The External Costs of Thanksgiving – By April

Most people think of eating a 2,000 calorie meal as something that only would happen if you dined on a fast food meal of McDonald’s or another fast food chain.  You wouldn’t have to eat much besides a large-sized “value” meal to rack up those calories in a single meal.  But most of us, especially those who are trying to maintain their svelte figure, avoid eating meals that have any calories that go into a 4-digit count of numbers.

But tomorrow in America comes a holiday that encourages it’s already overweight population to eat a meal that easily can reach thousands of calories within a single setting.

I took the time to see the average calorie content using Myfitnesspal.com and was actually surprised that the meal I plan to eat tomorrow falls just under 2,000 calories.   I wasn’t even including the calories that would count for a second helping!

Are you wondering the nutrition facts of some of the most popular Thanksgiving dishes?  Check out what I discovered:

So what can we do to NOT eat a ginormous amount of calories on Thanksgiving?

Apparently I need to stay away from those sweet potatoes with marshmallows since they’re coming in as my biggest problem with a whopping 460 calories!

You can make a low-calorie sweet potatoes with just a bit of butter and cinnamon and I bet that would knock down the calorie content by a great deal.   You also could eat straight vegetables rather than ones covered in cheese or cream of mushroom soup, the way my Midwestern family prefers.   You also could avoid the stuffing and have a smaller slice of pie, or perhaps no pie at all!

Besides the extra calories many of us Americans consume on Thanksgiving… there are some more external costs than just the extra pounds we may gain.

Our Thanksgiving habits easily brings in over 1 BILLION dollars to the American economy, according to Gobanking.com.  That’s nice and all but how much of this food is actually being consumed and how much of us can really afford to spend $20+ on a turkey and all the dishes to go with it?  What could we have done differently to celebrate this holiday of “thanks” by making others feel even more inadequate for not being able to provide a large slaughtered bird and eight other dishes to go with it?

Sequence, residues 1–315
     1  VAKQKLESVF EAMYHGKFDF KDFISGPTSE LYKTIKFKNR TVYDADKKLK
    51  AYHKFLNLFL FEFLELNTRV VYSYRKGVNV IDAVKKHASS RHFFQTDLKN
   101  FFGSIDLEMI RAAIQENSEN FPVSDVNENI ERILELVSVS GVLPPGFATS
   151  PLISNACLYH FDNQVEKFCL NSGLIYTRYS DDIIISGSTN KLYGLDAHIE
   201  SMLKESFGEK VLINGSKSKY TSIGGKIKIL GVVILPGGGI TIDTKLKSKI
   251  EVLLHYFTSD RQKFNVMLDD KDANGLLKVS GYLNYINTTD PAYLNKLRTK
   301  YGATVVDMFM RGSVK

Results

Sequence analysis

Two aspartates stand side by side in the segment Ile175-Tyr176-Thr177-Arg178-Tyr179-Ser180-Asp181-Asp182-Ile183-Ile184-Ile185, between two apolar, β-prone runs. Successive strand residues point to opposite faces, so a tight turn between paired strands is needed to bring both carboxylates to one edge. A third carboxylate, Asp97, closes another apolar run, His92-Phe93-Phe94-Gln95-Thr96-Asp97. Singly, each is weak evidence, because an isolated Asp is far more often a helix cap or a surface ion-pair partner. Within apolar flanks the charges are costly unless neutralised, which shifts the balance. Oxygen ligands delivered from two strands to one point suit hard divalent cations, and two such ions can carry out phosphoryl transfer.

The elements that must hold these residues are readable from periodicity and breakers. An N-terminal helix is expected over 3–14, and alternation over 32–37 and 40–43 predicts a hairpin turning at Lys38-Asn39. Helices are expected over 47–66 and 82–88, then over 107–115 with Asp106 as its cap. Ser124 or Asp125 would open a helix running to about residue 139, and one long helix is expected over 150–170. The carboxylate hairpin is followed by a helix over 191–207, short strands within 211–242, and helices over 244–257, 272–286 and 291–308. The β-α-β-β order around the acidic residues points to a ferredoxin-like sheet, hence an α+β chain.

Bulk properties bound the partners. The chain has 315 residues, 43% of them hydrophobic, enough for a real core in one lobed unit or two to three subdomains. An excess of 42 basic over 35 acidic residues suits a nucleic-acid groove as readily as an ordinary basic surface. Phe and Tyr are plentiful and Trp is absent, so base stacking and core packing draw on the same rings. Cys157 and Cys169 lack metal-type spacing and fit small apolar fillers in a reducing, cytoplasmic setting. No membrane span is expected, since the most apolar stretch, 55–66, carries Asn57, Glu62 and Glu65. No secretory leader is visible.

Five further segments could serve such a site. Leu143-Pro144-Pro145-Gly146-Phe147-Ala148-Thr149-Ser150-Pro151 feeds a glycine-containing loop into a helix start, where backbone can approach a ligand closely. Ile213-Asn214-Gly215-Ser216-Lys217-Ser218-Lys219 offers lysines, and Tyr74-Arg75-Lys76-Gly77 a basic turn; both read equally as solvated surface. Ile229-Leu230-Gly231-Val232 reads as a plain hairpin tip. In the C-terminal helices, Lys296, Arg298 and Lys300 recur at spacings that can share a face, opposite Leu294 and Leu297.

Tomorrow as you sit down with your family, your friends, or maybe even by yourself I would like us all to think about the impact that our Thanksgiving meal has on our bodies, our nation, and our world.  We live in a country that makes it easy for us to celebrate gluttony and forgive our overindulgent habits but at what TRUE cost?

 

 

 


4 thoughts on “The External Costs of Thanksgiving – By April

  1. In my family we each contribute a dish, since, as you pointed out, I myself (or my sisters) can’t afford the turkey and all the sides, desserts, drinks etc that make a complete Thanksgiving dinner for the whole family. When we all pitch in 1 or 2 dishes it comes together and we have a wonderful time cooking, catching up and reminiscing.

  2. That’s awesome, Monique! I think that is definitely the way to do it! Especially since some of us have dishes that we’re super good at making!

    Thank you for always having such positive input on here :)

  3. So many good points! I think moderation is important in both parts- in your eating, as well as preparations for holidays… it’s always need vs want, right? Great post!

Leave a Reply

Your email address will not be published. Required fields are marked *

You may use these HTML tags and attributes: <a href="" title=""> <abbr title=""> <acronym title=""> <b> <blockquote cite=""> <cite> <code> <del datetime=""> <em> <i> <q cite=""> <strike> <strong>